Java multi-threaded practice-cross print strings

Posted May 26, 20202 min read

Requirements:Use two threads to print "foo" and "bar" n times

1.FooBar class

The methods defining foo and bar are used to control how to print strings.
The foo and bar methods accept a runnable class, prinFoo, and printBar as parameters. This class is used to output a string "foo" or "bar" in the console. The foo and bar methods determine whether the printing conditions are met and execute n times. If the condition is not met, it is temporarily blocked.

package ThreadLeetcode;

class FooBar {
    private int n;
    private volatile boolean finish = false;
    public FooBar(int n) {
        this.n = n;
    }

    public void foo(Runnable printFoo) throws InterruptedException {

        for(int i = 0; i <n; i ++) {

            //printFoo.run() outputs "foo". Do not change or remove this line.
            while(finish) {
                Thread.yield();
            }
            printFoo.run();
            finish = true;
        }
    }

    public void bar(Runnable printBar) throws InterruptedException {

        for(int i = 0; i <n; i ++) {

            //printBar.run() outputs "bar". Do not change or remove this line.
            while(! finish) {
                Thread.yield();
            }
            printBar.run();
            finish = false;
        }
    }
}

2.printBar and printFoo classes

Define a Runnable class to start the thread and print the string

package ThreadLeetcode;

public class PrintBar implements Runnable {
    @Override
    public void run() {
        System.out.printf("Bar \ n");
    }
}



package ThreadLeetcode;

public class PrintFoo implements Runnable {
    @Override
    public void run() {
        System.out.printf("Foo \ n");
    }
}

3.fooBarTest class

For testing

package ThreadLeetcode;

import java.util.concurrent.ExecutionException;
import java.util.concurrent.Executors;
import java.util.concurrent.ThreadPoolExecutor;

public class FooBarTest {
    private ThreadPoolExecutor executor;

    public static void main(String []args) throws InterruptedException {
        //Init executor
        ThreadPoolExecutor executor;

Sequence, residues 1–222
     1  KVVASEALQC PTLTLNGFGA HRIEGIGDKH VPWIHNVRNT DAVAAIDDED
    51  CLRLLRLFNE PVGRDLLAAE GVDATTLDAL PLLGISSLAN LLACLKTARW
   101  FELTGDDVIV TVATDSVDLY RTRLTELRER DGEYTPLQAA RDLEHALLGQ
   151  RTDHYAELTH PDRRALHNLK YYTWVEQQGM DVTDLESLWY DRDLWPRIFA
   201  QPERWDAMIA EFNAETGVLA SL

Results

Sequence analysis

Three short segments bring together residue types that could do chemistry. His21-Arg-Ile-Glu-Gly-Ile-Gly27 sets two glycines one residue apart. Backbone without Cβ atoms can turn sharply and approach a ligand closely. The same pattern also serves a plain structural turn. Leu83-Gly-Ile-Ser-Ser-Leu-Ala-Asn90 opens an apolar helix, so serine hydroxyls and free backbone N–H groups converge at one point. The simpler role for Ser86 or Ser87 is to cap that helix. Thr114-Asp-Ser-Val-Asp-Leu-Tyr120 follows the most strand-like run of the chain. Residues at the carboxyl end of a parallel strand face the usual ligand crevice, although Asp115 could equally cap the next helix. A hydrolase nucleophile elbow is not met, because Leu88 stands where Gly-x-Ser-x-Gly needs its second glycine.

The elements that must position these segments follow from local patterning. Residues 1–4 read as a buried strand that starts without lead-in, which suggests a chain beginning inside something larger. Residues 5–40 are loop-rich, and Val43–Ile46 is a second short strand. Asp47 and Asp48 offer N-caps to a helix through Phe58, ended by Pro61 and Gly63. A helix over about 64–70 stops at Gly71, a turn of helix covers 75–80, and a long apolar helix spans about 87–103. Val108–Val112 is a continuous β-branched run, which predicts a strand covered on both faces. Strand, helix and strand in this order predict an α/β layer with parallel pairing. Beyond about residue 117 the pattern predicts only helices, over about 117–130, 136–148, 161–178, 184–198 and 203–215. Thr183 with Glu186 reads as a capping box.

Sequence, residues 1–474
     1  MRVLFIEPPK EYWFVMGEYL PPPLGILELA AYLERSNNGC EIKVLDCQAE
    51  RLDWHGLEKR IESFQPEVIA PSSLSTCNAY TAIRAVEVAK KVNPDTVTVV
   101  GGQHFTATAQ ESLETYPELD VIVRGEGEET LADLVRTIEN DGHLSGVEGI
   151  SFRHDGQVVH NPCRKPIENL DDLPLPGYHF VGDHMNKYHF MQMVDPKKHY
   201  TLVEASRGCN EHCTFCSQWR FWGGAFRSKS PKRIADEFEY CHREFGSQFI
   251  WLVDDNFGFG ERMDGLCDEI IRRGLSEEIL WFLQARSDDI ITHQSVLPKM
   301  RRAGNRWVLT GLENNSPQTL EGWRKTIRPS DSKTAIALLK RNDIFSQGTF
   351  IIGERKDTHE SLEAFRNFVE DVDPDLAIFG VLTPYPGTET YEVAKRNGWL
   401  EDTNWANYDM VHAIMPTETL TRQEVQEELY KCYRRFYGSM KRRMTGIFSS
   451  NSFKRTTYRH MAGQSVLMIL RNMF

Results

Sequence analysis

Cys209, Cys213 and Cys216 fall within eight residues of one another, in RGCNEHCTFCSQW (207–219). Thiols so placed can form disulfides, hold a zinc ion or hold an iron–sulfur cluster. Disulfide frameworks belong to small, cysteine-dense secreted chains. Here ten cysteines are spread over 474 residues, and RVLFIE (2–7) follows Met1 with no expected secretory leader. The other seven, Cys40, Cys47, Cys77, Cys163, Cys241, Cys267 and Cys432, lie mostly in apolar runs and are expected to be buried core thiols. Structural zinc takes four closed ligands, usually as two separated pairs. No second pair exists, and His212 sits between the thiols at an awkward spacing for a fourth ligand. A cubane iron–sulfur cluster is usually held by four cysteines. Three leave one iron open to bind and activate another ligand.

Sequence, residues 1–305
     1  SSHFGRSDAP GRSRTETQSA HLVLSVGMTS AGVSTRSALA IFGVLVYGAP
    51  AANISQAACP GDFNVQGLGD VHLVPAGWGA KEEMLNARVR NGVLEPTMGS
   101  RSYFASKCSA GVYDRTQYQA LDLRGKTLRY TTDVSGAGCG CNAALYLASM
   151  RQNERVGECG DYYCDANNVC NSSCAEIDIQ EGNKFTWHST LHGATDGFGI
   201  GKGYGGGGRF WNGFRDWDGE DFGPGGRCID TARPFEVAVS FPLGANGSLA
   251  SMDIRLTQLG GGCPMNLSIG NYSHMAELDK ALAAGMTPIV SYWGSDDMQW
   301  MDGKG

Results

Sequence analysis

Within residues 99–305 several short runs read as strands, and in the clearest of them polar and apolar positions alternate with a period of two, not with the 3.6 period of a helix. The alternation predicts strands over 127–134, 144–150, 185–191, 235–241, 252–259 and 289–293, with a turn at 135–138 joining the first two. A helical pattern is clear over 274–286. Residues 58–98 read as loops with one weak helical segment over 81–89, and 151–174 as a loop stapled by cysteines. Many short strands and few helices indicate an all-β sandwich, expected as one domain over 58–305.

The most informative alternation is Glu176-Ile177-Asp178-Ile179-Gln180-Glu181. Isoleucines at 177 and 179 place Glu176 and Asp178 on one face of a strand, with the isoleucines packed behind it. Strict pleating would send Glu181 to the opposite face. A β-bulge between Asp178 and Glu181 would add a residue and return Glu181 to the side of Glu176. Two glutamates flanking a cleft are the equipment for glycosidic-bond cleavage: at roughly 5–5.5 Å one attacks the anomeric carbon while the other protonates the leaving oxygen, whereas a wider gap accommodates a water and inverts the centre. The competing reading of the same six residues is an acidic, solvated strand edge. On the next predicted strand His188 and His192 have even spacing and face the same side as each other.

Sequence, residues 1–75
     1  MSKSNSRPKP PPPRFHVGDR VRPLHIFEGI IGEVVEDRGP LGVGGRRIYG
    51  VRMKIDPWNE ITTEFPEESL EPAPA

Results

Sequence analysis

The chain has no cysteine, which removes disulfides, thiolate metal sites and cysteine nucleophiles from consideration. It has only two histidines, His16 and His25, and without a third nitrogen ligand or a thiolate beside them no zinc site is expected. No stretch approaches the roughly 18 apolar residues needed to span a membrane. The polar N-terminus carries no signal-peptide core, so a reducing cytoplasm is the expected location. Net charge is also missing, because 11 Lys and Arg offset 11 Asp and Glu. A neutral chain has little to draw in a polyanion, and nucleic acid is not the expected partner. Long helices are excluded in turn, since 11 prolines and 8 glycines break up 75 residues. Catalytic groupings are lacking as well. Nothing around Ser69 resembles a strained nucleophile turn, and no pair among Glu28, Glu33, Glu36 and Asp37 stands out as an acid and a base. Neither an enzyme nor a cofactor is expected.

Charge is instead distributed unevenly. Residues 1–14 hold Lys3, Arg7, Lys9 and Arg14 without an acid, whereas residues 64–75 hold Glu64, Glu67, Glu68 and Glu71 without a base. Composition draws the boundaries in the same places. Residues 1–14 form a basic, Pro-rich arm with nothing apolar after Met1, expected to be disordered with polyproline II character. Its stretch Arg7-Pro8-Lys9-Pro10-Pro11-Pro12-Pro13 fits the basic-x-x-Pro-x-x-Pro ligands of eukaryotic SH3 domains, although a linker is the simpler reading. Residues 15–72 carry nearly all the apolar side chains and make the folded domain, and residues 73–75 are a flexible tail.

executor =(ThreadPoolExecutor) Executors.newFixedThreadPool(2);

        //init Task
        FooBar fooBar = new FooBar(4);
        FooTast fooTast = new FooTast(fooBar);
        BarTast barTast = new BarTast(fooBar);

        //Submit Task
        executor.submit(fooTast);
        executor.submit(barTast);

        //End Task
        while(executor.getActiveCount()> 0) {
            Thread.sleep(50);
        }
        executor.shutdown();
    }
}

class FooTast implements Runnable {
    PrintFoo printFoo = new PrintFoo();
    FooBar fooBar;

    public FooTast(FooBar foobar) {
        this.fooBar = foobar;
    }

    @Override
    public void run() {
        try {
            fooBar.foo(printFoo);
        } catch(InterruptedException e) {
            e.printStackTrace();
        }
    }
}

class BarTast implements Runnable {
    PrintBar printBar = new PrintBar();
    FooBar fooBar;

    public BarTast(FooBar foobar) {
        this.fooBar = foobar;
    }

    @Override
    public void run() {
        try {
            fooBar.bar(printBar);
        } catch(InterruptedException e) {
            e.printStackTrace();
        }
    }
}

Remarks:
The difference between the run() and start() methods in the Thread class is as follows:
run() method:call the run() method of the Runnable object in this thread, which can be called multiple times;
start() method:start a thread, call the run() method of the Runnable object, you cannot start a thread multiple times